But he was a grey ruin when the half-time hooter sounded. "He was only running on three cylinders so he was stuffed and looked terrible," says Mayhew. "I took a look at him then I was about to move on when he said, 'Oh, and my hand's a bit sore', just as casual as you like. I had a look and he'd broken it. We taped it up and sent him out again. He just shrugged it off. Remarkable."
Just as remarkably, he was named man of the match in the 44-16 win and ended up back in bed before the first celebratory beer was cracked. The story has been kept under wraps until now.
"We all knew he'd been sick as a dog," says Micheal Luck, one of his team mates that day, "but his threshhold for pain is unbelievable. I look at the guys the same age here at the [North Queensland] Cowboys and there's no way any of them could do what he did that day."
Says Mayhew: "I've seen guys play with broken bones and others get pulled out of sick beds, but never both at once and he's the kind of guy who doesn't think anything of it. He's up there with Buck [Shelford], one of those unflappable, undemonstrative men without the bravado who don't need to throw their fists to show how hard they are. If I was asked to choose a league team he'd be the first name I'd write down."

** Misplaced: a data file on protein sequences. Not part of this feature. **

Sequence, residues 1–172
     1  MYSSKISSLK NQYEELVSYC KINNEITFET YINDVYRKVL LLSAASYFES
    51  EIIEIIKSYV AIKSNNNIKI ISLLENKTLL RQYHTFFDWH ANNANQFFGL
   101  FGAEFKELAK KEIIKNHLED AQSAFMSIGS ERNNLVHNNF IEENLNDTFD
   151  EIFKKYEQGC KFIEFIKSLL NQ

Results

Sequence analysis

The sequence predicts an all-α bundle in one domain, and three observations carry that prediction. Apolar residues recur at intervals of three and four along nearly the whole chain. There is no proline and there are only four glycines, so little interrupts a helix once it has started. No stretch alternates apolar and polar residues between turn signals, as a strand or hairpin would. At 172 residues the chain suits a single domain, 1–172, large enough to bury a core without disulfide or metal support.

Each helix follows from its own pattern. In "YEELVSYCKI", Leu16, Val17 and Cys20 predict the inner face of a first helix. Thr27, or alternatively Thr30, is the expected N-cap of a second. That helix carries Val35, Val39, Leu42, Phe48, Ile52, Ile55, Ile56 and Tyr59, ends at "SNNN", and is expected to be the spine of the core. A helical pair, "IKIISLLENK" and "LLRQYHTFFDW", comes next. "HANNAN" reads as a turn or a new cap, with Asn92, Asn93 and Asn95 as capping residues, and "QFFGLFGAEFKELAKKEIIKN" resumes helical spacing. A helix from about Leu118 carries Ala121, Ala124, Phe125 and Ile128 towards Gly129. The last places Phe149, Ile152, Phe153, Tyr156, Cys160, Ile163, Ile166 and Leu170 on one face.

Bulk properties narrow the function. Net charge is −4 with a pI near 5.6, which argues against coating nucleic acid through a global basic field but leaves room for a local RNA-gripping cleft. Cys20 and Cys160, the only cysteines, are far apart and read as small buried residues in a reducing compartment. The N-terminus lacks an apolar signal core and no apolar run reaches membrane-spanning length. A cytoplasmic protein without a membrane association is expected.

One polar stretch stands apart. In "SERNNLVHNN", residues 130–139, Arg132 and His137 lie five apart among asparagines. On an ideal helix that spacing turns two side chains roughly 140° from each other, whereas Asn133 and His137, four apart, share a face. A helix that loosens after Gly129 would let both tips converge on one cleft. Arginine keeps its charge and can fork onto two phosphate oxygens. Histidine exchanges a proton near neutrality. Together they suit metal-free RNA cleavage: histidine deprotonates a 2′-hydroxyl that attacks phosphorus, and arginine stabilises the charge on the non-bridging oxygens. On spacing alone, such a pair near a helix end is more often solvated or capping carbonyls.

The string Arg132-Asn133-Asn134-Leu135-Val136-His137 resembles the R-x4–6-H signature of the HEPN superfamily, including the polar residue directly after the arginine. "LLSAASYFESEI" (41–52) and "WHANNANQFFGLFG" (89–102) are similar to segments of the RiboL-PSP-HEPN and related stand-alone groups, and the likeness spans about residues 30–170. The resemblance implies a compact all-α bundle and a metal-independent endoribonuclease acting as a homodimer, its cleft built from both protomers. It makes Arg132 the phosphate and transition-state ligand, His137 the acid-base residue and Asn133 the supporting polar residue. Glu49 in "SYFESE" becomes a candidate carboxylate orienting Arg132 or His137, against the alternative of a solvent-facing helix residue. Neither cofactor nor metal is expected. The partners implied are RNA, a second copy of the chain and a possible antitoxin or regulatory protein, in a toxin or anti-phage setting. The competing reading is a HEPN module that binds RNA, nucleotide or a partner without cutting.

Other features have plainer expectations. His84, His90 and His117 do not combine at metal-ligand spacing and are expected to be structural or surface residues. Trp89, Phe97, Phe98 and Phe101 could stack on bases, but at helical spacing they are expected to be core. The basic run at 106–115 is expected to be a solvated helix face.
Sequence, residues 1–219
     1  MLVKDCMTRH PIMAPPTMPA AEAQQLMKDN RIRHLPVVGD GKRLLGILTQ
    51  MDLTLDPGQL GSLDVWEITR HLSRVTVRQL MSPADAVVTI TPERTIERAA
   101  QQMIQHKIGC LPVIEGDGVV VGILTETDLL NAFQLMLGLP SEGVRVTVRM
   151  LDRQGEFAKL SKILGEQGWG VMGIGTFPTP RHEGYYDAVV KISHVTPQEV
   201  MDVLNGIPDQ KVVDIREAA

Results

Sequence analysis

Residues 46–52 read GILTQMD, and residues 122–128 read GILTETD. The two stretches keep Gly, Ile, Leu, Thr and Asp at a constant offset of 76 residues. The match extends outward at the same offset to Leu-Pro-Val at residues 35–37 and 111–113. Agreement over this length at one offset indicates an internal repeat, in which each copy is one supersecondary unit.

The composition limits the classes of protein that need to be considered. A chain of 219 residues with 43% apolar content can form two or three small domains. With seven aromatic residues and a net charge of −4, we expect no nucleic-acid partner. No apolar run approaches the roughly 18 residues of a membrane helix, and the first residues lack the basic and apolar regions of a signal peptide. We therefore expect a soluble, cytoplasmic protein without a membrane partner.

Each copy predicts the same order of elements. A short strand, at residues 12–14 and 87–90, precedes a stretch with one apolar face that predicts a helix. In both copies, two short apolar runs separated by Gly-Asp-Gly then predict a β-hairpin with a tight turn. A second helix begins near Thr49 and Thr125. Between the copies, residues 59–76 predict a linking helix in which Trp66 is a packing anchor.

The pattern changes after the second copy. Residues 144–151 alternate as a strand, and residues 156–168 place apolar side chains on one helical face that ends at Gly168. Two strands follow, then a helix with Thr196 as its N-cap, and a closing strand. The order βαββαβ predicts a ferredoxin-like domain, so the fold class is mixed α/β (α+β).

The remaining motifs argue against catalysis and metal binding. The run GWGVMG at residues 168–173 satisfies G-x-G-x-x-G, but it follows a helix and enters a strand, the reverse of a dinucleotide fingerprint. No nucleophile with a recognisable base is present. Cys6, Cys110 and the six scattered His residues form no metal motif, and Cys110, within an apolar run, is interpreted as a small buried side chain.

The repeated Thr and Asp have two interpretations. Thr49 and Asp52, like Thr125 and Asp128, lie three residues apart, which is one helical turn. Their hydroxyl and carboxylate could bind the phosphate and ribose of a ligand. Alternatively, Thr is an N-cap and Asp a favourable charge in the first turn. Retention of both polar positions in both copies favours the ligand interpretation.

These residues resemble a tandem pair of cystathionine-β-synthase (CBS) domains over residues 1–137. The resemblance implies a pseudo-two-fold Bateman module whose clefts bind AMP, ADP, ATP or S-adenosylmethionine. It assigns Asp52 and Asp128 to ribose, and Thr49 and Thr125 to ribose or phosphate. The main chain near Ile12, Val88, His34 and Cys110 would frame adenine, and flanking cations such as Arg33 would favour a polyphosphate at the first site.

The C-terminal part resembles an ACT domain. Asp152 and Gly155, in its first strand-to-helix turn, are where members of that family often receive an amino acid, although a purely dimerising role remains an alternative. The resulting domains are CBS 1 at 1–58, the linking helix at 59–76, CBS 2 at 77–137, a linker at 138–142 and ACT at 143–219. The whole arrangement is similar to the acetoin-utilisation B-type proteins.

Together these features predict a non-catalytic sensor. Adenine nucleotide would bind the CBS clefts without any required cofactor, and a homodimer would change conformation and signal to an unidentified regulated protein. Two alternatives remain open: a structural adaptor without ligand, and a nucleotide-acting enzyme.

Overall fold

From that game he's gone on to become a four-time Warriors player of the year, captaining them to an NRL final and racking up the second highest number of appearances behind Stacey Jones, while also playing for the Kiwis in World Cup and Four Nations wins before this month captaining his country to our first three-peat run of wins against the mighty Australians since 1953.
Which isn't a bad run for a bloke who grew up on dreams of an All Blacks jersey. Well, there wasn't much demand for league in Nelson and none whatsoever back home in nearby Motueka. His only exposure to the 13-man game was the odd televised NRL match. He'd tape his ears like his favourite players and run outside to kick a ball around.